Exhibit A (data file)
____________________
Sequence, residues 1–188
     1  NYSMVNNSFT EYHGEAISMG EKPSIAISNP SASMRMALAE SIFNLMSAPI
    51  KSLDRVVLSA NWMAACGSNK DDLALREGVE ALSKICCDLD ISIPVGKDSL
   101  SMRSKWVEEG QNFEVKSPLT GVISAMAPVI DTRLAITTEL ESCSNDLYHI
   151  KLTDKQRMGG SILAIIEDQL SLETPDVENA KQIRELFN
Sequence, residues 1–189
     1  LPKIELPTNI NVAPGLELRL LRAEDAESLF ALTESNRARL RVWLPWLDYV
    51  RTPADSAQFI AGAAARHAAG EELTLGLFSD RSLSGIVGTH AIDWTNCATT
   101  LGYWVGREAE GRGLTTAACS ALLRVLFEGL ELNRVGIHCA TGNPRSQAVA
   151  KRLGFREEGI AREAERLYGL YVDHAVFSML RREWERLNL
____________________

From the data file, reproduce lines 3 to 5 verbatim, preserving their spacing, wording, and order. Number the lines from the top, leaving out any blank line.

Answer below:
    51  KSLDRVVLSA NWMAACGSNK DDLALREGVE ALSKICCDLD ISIPVGKDSL
   101  SMRSKWVEEG QNFEVKSPLT GVISAMAPVI DTRLAITTEL ESCSNDLYHI
   151  KLTDKQRMGG SILAIIEDQL SLETPDVENA KQIRELFN